“I borrow largely from G.K. Chesterton,” Powers says. “If you’re being haunted by the ghost of Uncle George, Uncle George doesn’t know anything about it. You’re seeing an animate shell, a cast-off snakeskin, cast off during the drama of death. It can wander around, have some degree of articulateness, but it’s not an actual person and not very bright.”

Barbara Ann Wright’s romantasy Haunted by Myth (Bold Strokes, Dec.) gives Helen of Troy—too often used as “a prop, a cardboard cutout,” Wright says—her own agency: she runs a sanctuary for the last mythological beings on Earth. Her work puts her in the path of Chloe, a ghost hunter who believes Helen is responsible for the recent spate of specters coming to life.

Several authors mentioned Shirley Jackson’s The Haunting of Hill House as an inspiration, including three-time Bram Stoker Award winner Gwendolyn Kiste, whose next novel is The Haunting of Velkwood (Saga, Mar. 2024). Talitha Velkwood and two childhood friends are the only ones who survived the night that everyone else on their street turned into ghosts. In the 20 years since, what’s become known as the Velkwood Vicinity has been impenetrable to mourners, documentarians, and lookie-loos alike, but Talitha returns to see what’s behind the veil.

Elizabeth Hand, a longtime Hill House fan, was tapped by the Jackson estate to write a retelling. In Hand’s version, A Haunting on the Hill (Mulholland, Oct.), playwright Holly and her partner, Lisa, rent a Gothic house to rehearse an adaptation of a Jacobean play about a woman who was burned as a witch. Soon, Hand says, the house starts “messing with their heads.”

“I wanted to lean into the dynamic that’s there in the original book between Eleanor and Theodora, the implied homoerotic attraction,” she explains. “I wanted to play with the notion of how the house itself is a character.”

The weight we carry

When asked about the current popularity of ghost stories, nearly every author PW spoke with mentioned the pandemic.

“It made us aware of our own mortality,” says David R. Slayton, whose Dark Moon, Shallow Sea (Blackstone, Oct.) is set in a preindustrial fantasy world where the murder of the moon goddess leaves the souls of the dead without a path to the underworld; every night they rise, mistlike, to seek the blood of the living. “Death is the unknowable—the one mystery we can’t pierce,” Slayton says.

The pandemic’s death toll also resonates thematically with Wright. “Horror stories reflect the fears of the public at large,” she says. “In the aftershock of the pandemic, people are afraid of disappearing; what happens if we die, and no one thinks about us anymore? It’s comforting to think we might see our loved ones again in some form. The dead don’t die forever.”

Some see the claustrophobia of being stuck at home permeating new fiction. “People were stuck in a domestic space for a long time,” says Hand, who pored over Jackson’s original Hill House drawings when sketching out her own book. “Houses as story settings are very potent, as arenas or stages where people can reenact their fears and anxieties.” Wilkes agrees: “These books were conceived and written during lockdown, when we were all confined to the four walls of our own houses with no escape, which is a perfect haunted house narrative.”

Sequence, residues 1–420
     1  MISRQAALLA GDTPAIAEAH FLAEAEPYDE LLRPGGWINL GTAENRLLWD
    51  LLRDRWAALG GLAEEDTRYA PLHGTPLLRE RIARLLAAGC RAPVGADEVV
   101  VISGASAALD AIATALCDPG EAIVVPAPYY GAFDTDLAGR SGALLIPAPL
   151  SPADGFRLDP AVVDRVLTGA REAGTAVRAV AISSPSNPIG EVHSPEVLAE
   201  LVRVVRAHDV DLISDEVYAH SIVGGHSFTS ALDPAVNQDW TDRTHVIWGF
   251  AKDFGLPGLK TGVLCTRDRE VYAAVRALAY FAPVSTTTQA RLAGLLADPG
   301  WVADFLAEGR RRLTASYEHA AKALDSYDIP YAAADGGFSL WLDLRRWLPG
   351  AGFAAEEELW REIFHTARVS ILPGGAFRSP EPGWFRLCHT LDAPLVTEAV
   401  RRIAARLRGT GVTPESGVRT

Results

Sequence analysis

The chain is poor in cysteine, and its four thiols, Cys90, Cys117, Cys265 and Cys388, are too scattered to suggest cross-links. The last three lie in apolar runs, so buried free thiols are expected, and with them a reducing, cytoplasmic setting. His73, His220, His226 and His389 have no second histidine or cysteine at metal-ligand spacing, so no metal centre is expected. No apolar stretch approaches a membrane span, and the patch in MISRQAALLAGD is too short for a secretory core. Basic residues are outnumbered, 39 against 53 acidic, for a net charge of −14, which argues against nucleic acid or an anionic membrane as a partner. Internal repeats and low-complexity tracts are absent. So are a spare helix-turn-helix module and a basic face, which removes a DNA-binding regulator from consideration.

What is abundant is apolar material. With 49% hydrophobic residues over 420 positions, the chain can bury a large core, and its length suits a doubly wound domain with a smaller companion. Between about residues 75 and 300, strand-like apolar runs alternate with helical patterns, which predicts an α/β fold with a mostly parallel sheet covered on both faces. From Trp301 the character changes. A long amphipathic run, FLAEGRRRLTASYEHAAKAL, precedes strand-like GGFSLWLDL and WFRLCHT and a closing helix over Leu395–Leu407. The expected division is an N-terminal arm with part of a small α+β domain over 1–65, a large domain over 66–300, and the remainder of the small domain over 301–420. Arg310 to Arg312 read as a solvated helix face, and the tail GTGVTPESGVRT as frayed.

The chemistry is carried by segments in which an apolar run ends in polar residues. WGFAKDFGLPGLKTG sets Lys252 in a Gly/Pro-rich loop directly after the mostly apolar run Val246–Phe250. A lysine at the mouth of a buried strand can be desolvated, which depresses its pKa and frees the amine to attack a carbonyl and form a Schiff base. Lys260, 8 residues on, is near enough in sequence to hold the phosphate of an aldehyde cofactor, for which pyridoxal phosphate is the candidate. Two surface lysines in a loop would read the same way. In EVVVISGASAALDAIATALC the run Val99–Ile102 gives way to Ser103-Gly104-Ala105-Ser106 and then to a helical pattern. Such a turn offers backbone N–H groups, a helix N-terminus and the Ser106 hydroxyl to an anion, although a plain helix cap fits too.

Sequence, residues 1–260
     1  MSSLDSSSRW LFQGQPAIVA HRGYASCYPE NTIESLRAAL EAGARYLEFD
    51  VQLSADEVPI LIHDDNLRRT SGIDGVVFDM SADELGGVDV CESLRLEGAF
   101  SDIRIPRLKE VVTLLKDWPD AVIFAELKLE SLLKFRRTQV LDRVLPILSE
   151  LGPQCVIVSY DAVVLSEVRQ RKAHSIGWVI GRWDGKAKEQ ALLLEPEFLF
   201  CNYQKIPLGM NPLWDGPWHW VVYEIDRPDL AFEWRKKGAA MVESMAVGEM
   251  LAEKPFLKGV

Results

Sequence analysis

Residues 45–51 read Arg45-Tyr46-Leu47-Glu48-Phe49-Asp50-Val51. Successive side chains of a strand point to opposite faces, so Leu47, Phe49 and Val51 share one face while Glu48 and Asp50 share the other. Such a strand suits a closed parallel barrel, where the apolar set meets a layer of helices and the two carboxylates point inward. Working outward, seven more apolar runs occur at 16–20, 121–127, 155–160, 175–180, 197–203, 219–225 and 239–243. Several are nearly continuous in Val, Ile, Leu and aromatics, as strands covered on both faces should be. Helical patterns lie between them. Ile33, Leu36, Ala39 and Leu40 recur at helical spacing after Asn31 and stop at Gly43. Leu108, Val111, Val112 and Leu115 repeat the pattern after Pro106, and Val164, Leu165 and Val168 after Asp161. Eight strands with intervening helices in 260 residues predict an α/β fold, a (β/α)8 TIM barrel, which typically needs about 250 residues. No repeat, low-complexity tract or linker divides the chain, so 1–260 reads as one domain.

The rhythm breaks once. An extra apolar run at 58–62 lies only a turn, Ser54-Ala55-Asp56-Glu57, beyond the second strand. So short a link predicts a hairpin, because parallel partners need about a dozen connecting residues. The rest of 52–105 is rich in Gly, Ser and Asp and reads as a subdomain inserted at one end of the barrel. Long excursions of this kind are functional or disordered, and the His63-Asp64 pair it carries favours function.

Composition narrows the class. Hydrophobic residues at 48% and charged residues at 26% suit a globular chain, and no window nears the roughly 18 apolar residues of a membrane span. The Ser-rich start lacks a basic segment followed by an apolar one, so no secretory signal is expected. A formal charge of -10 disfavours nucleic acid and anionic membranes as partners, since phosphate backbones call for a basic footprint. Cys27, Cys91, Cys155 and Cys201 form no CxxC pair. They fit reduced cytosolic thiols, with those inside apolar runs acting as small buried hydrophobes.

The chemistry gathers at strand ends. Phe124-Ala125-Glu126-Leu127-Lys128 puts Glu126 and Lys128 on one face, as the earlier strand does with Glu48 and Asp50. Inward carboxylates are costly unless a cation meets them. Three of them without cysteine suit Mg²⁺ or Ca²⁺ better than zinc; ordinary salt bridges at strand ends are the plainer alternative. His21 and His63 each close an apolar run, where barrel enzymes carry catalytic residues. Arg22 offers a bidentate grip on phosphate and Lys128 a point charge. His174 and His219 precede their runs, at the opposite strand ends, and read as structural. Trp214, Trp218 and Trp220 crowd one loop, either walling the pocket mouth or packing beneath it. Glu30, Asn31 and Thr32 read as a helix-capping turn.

Novelist Louisa Morgan says she’s experienced apparitions in her own life, including a poltergeist that followed her teenage son around. “People want to be reassured that death is not the end,” Morgan says. “Energy can’t be destroyed.” The eponymous psychologist in her forthcoming The Ghosts of Beatrice Bird (Redhook, Nov.) flees 1970s San Francisco in the hope of escaping the literal ghosts that have plagued her since childhood. On an isolated island, she meets a woman on the run from an abusive husband and discovers that her curse—or gift—may be of help.

“Ghost stories speak to how we grapple with and inherit trauma,” says Dutton senior editor Pilar Garcia-Brown, who acquired A Haunting in Hialeah Gardens by Raul Palma (Oct.). Palma’s debut, Garcia-Brown says, is “a postcolonial look at questions of debt, regret, reckonings with the devil, haunting, the Byzantine system that immigrants are forced to navigate, set in the multicultural city of Miami.”

Kiste, too, sees such tales as tied to collective pain: “American authors are dealing with our historical legacies of oppression, and we’re trying to find a way forward.” Ghosts, she says, are about “the weight we carry with us.”

Cochran cites a more general anxiety and sense of dread as fueling the surge in spectral stories. “I feel haunted by the events of the world in the last six years,” she says. “When you can channel that fear into fiction with a beginning, middle, and end—when you can put the book down and talk to people about it—it’s a healthy and satisfying way to deal with the fear.”

Liz Scheier is a writer, editor, and product strategist living in Washington, D.C. She is the author of the memoir Never Simple.